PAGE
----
Francisco Vidal’s practice highlights ideas around the transformation of materials, international mobility and labour histories in the context of trade and economic growth across Africa in the 20th and 21st centuries. He is known for his large site-specific installations, layering tiles of handmade, recycled paper featuring bold calligraphic lines and cotton flowers in chromatic schemes. The flowers refer to an uprising led by the agricultural workers of a Portuguese-Belgian cotton plantation in Angola in 1961. This event is considered the first battle of the Angolan War of Independence and forms the core of Vidal’s reflection around political dissent.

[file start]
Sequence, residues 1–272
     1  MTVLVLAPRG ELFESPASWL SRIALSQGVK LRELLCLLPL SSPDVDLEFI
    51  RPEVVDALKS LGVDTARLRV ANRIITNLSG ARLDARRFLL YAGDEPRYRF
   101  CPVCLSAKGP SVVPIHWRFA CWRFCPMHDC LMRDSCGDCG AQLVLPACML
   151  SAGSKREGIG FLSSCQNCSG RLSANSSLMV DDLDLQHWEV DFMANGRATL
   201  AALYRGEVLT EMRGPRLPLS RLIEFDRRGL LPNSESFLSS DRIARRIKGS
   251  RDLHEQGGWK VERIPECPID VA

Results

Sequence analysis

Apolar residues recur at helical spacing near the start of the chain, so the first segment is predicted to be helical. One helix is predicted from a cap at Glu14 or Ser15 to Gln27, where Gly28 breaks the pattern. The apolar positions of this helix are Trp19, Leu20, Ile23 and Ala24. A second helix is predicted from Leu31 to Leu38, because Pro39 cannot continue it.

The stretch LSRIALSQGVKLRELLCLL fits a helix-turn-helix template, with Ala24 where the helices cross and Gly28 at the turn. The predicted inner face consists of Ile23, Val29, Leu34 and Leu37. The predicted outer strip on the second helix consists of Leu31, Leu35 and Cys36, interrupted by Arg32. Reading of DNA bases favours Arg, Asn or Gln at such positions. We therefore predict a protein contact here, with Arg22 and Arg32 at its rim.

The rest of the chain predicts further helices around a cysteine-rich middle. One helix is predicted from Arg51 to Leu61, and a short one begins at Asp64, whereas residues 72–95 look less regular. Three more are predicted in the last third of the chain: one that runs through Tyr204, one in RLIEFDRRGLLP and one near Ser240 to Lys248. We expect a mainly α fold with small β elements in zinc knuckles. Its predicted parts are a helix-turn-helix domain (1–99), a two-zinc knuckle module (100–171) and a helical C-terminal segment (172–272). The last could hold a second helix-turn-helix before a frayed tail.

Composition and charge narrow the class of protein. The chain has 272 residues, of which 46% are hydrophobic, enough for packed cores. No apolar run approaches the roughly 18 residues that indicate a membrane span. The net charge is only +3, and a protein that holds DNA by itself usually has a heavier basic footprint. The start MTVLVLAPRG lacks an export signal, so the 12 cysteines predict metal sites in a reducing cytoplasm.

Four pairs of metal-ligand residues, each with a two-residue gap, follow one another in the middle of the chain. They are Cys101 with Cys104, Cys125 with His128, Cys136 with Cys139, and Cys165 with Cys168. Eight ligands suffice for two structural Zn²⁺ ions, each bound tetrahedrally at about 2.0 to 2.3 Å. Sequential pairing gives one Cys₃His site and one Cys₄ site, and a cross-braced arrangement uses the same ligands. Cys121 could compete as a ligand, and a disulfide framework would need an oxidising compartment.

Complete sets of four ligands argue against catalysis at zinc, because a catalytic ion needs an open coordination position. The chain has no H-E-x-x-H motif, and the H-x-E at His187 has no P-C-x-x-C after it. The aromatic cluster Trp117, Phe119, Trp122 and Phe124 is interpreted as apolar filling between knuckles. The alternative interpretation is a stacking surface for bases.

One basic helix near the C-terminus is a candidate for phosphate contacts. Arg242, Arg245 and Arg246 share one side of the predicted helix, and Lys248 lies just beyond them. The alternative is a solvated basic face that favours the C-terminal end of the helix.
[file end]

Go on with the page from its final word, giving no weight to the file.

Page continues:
Vidal represented the Angolan Pavilion at the 56th International Art Exhibition of La Biennale di Venezia, Venice (2015). Exhibitions have taken place at BOZAR, Brussels (2017); Maumaus School of Visual Arts, Lisbon (2017); Museu Afro Brasil, São Paulo (2016); Freies Museum/Savvy Contemporary, Berlin (2015); Instituto Camões, Luanda (2014); UNAP, Luanda (2014) and Calouste Gulbenkian Foundation, Lisbon (2010).